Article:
Meeting of Interim Committee

At the end of March the Fund announced that the next meeting of the Interim Committee of the Board of Governors on the International Monetary System would be held in Paris on June 10 and 11 at the Hotel Majestic, the international conference center of the French Government. The meeting, it was announced, would be preceded by meetings of the Group of 24, representing developing countries, and the Group of 10, representing industrialized countries. The agenda for the Interim Committee meeting would include a review of possible amendments to the Fund’s Articles of Agreement, the proposed increase in quotas in the Fund, and the operation of the oil facility for 1975.

Stand-by arrangements—how they function

The stand-by arrangements for Israel and Chile, which were approved by the Fund’s Executive Board on February 14 and March 19, respectively, bring the total of stand-by arrangements approved for member countries of the Fund since the instrument was first established in 1952 and until the end of March 1975 to 361, the equivalent of SDR 21,137 million. Peru with 16 stand-by arrangements; Colombia with 15; Haiti with 14; Chile with 13; and Bolivia, Honduras, and the Philippines with 12 each have been the most frequent recipients of stand-by arrangements from the Fund.

Table 1Fund holdings of selected currencies March 31, 1975

(SDR millions)
Per cent

of quota
Argentine pesos488.7111.1
Australian dollars491.473.9
Austrian schillings130.448.3
Bahrain dinars3.535.0
Belgian francs125.919.4
Canadian dollars796.972.4
Ecuadoran sucres20.862.9
French francs1,050.270.0
Deutsche mark195.512.2
Indonesian rupiahs190.073.1
Irish pounds79.265.4
Japanese yen575.948.0
Kuwaiti dinars28.243.4
Malaysian dollars136.573.4
Mexican pesos272.273.6
Netherlands guilders335.147.9
Norwegian kroner162.167.5
Omani rials3.246.4
Qatar riyals7.035.0
South African rand238.874.6
Swedish kronor238.173.3
U.A.E. dirhams7.248.3
U.K. pounds2,574.191.9
U.S. dollars4,941.473.8
Venezuelan bolivares168.150.9

The first stand-by arrangement amounting to $50 million was extended to Belgium in June 1952, prior to the approval of the first general policy decision on the new instrument on October 1, 1952. The stand-by arrangement rapidly emerged as the main instrument by which the Fund makes its resources available to members and has been employed to deal with a wide range of different problems. Stand-by arrangements have been approved in order to (1) sustain confidence in currencies under pressure because of a variety of international difficulties or emergencies, (2) provide additional resources during seasonal difficulties, (3) support economic stabilization programs, and (4) provide backing for exchange reform and other purposes.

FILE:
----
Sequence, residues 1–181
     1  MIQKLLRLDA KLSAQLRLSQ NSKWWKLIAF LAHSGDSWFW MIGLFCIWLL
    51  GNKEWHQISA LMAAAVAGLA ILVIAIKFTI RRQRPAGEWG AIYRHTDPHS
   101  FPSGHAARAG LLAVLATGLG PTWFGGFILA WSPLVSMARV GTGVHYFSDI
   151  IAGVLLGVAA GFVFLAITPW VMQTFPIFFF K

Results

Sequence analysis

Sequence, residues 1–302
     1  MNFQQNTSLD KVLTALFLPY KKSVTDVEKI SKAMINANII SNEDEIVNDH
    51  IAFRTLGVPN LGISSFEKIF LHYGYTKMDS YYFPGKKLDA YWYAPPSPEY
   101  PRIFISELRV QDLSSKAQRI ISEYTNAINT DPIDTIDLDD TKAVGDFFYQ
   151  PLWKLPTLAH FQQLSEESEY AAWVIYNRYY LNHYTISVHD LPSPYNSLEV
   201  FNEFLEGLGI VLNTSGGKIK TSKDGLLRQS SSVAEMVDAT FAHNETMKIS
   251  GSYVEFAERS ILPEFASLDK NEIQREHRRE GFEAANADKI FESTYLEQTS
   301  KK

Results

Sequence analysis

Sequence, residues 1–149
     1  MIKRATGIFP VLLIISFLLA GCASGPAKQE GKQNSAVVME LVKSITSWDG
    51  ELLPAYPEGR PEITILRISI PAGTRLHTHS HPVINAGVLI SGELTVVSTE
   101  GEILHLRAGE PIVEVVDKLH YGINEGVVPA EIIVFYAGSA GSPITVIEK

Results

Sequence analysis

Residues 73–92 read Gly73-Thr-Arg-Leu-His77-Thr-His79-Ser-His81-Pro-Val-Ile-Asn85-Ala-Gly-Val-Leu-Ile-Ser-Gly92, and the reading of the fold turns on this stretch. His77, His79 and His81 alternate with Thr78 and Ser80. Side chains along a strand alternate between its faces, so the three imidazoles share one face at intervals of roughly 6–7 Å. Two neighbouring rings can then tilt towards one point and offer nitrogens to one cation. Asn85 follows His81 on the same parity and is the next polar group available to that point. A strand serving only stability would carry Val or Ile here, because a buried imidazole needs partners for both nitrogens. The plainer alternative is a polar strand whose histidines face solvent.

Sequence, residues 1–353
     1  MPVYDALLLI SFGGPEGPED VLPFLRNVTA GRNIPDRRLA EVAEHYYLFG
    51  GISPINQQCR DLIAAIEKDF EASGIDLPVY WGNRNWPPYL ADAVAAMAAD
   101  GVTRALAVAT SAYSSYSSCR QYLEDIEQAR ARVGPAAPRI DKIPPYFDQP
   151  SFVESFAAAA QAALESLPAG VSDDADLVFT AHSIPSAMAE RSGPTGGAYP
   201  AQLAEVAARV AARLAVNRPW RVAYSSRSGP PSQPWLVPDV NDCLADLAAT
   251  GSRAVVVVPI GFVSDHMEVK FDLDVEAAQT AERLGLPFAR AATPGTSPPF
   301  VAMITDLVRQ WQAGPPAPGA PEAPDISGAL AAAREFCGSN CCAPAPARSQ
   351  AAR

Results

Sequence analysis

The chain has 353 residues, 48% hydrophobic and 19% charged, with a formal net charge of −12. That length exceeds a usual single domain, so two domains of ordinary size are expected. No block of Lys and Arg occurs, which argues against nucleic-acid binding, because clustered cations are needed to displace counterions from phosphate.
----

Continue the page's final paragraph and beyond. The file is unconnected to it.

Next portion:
Stand-by arrangements have often been used, not to deal with immediate problems but to avert problems by encouraging member countries to continue sound monetary and fiscal policies. For this reason there have been many stand-by arrangements under which members have made no purchases. Stand-by arrangements also serve as an endorsement of a member country’s economic program by demonstrating that the Fund’s resources are available to it.

When considering a request for a stand-by arrangement, the Fund applies the same policies it applies to requests for direct purchases, which include review of the member country’s position, policies, and prospects in relation to the objectives of the Fund. Stand-by arrangements are designed to correct medium-term balance of payments problems of a member country. The stand-by period was originally fixed at six months, but from the beginning of its operation, periods of one year were agreed, and since 1956 the one-year period has become normal. Repayment of the amounts purchased is required to be made not later than three to five years from the date of purchase.

For stand-by arrangements beyond the first credit tranche (which bring the Fund’s holdings of the member country’s currency to more than 125 per cent of quota), the resources committed by the Fund are phased through the stand-by period. The member country’s right to purchase depends on its observance of performance criteria, and provision is made for consultation concerning its position and performance. Gradually, as expereince with stand-by arrangements has grown, the Fund has been able to rely on fewer and less complex performance criteria.

Table 2Summary of stand-by arrangements that became effective during the fiscal years ended April 30, 1953-75.(in millions of SDRs)
Fiscal YearNumber of

stand-by arrangements




To March 31 only.

To March 31 only.